The primary aim of this study was to better understand how bone adapts to forces applied to miniscrew implants. A secondary aim was to determine whether the direction of force applied to miniscrew implants has an effect on bone surrounding the miniscrew implants.
A randomized split-mouth design, applied to 6 skeletally mature male foxhound dogs, was used to compare miniscrew implants loaded for 9 weeks with 200 or 600 g to unloaded control miniscrew implants. By using microcomputed tomography, with an isotropic resolution of 6 μm, bone volume fractions (bone volume/total volume) were calculated for bone around the entire miniscrew implant surface. Bone volume fractions were calculated for bone 6 to 24, 24 to 42, and 42 to 60 μm from the miniscrew implant surface. For each loaded miniscrew implant, the bone volume fraction was also calculated for 2 compression and 2 noncompression zones.
The 6 to 24-μm layer showed a significantly lower ( P <0.05) bone volume fraction than did the 24 to 42-μm and the 42 to 60-μm layers, which were not significantly different. The bone volume fractions of cortical bone surrounding the apical aspects of the unloaded miniscrew implants were significantly greater ( P <0.05) than the bone volume fractions of cortical bone surrounding the loaded miniscrew implants. In contrast, the bone volume fractions of noncortical bone surrounding loaded miniscrew implants were significantly greater ( P <0.05) than the bone volume fractions of bone surrounding the unloaded miniscrew implants. Miniscrew implants loaded with 200 g showed significantly greater ( P <0.05) amounts of noncortical bone volume fractions than did miniscrew implants loaded with 600 g. With both 200 and 600 g, zones under compression had significantly greater bone volume fractions than did the noncompression zones.
The application of force, the amount of force applied, and the direction of force all have significant effects on the amounts of bone produced around miniscrew implants.
Miniscrew implants provide skeletal anchorage with minimal need for patient compliance. Their small size makes them easy to place in numerous locations and easy to remove; miniscrew implants have proven to be versatile in clinical applications. Despite their many advantages, the survival rates of miniscrew implants have yet to achieve those of endosseous dental implants. A recent systematic review showed that, of 2374 miniscrews (31 different types) placed, 363 failed, resulting in a survival rate of 84.7%. For miniscrew implants to be stable in the long term, they must be stable immediately after placement. Movement of miniscrew implants during early wound healing is considered to be a high risk factor for early implant loss. Endosseous dental implants have shown that secondary stability—when healing takes place—is responsible for osseointegration of the implant.
Our understanding of how bone responds to loading is based primarily on long bones loaded with heavy, intermittent forces. With respect to the dentoalveolar complex, most studies pertain to axial loading of endosseous dental implants and show definite effects of the forces. However, miniscrew implants place much lighter, continuous loads on dentoalveolar bone that are transaxial by nature. Because of the differences in type, amount, and direction of the load, research pertaining to dental implants might not apply to miniscrew implants.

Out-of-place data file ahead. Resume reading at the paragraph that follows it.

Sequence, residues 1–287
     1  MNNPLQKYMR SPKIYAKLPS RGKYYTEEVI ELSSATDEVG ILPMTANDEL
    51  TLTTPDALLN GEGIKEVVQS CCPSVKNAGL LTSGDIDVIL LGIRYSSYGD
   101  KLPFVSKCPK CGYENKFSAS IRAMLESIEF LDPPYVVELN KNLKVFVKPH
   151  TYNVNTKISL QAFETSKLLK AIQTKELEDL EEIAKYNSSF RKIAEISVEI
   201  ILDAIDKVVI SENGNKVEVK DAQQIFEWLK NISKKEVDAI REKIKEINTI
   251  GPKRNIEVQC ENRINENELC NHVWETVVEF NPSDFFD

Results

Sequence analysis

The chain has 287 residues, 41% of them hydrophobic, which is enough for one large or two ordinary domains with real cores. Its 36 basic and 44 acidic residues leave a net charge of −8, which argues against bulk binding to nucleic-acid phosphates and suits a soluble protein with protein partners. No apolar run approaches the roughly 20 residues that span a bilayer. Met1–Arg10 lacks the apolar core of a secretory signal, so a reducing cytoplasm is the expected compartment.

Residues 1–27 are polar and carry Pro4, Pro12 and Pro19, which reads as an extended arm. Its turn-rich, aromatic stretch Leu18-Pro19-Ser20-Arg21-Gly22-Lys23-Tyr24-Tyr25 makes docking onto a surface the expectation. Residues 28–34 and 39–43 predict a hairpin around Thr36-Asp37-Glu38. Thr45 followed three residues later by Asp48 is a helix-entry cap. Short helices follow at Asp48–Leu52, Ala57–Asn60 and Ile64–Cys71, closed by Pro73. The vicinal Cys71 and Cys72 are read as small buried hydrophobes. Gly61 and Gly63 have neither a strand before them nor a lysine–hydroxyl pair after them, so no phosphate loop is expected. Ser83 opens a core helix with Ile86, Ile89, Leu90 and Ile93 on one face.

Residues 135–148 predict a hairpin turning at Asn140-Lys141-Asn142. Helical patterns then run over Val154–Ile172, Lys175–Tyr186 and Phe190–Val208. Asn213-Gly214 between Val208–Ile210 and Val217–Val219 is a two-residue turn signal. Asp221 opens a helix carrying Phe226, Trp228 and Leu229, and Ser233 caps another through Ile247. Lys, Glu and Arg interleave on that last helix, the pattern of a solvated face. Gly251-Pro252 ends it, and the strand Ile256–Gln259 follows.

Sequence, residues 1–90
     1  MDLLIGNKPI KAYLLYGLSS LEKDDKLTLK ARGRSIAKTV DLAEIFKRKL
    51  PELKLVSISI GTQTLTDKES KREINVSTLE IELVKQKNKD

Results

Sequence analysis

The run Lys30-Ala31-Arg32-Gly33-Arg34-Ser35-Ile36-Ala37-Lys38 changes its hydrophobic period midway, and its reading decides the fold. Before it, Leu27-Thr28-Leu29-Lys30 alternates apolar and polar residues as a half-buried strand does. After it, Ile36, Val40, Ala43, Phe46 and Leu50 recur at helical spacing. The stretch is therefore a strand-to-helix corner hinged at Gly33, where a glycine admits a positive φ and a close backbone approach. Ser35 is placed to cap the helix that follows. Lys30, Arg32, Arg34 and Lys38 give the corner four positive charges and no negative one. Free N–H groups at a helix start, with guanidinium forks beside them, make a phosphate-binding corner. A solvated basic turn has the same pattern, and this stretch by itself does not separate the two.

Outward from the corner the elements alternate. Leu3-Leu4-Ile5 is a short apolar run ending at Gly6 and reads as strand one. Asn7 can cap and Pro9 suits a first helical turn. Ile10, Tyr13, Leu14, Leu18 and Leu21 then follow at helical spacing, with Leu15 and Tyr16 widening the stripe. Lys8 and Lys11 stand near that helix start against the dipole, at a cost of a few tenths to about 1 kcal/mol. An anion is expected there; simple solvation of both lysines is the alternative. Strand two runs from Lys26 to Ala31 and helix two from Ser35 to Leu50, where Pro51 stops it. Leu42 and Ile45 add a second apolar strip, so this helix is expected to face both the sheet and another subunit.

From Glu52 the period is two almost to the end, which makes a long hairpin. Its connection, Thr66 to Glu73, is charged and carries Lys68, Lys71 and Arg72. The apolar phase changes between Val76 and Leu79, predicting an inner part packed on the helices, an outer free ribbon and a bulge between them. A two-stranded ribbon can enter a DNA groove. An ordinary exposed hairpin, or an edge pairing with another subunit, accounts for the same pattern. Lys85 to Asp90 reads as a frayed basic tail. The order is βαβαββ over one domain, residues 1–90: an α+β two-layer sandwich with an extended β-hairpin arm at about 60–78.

Studies comparing differences between 2 known forces have suggested that osseointegration is independent of force magnitudes applied to miniscrew implants. Studies comparing an applied force with no force have also shown no significant histologic differences in bone caused by miniscrew implants. Importantly, all of the aforementioned studies evaluated the effects of force on osseointegration with histomorphometry, which provides only 2-dimensional information for a small portion of the screw. A recent study with microcomputed tomography showed significantly greater bone volume fraction (bone volume/total volume) around loaded miniscrew implants than unloaded miniscrew implants, especially in the noncortical regions. These findings suggest that microcomputed tomography might be more sensitive than histomorphometry for evaluating the effects of force on bony adaptations around miniscrew implants.
The primary aim of this study was to evaluate with microcomputed tomography the effects of force and force amount on bony adaptations around miniscrew implants. A secondary aim was to determine whether bone around miniscrew implants subjected to compressive loads adapts differently than does bone around unloaded miniscrew implants.
Material and methods
Six skeletally mature male foxhounds, 1 to 2 years old and weighing between 55 and 65 pounds, were used for this study. The Institutional Animal Care and Use Committee at Baylor College of Dentistry, Dallas, Tex, approved the care of the animals and the experimental protocols. Foxhounds are an established model for investigating peri-implant osseous dynamics; their large mandibles provide the spaces between miniscrew implants necessary for loading.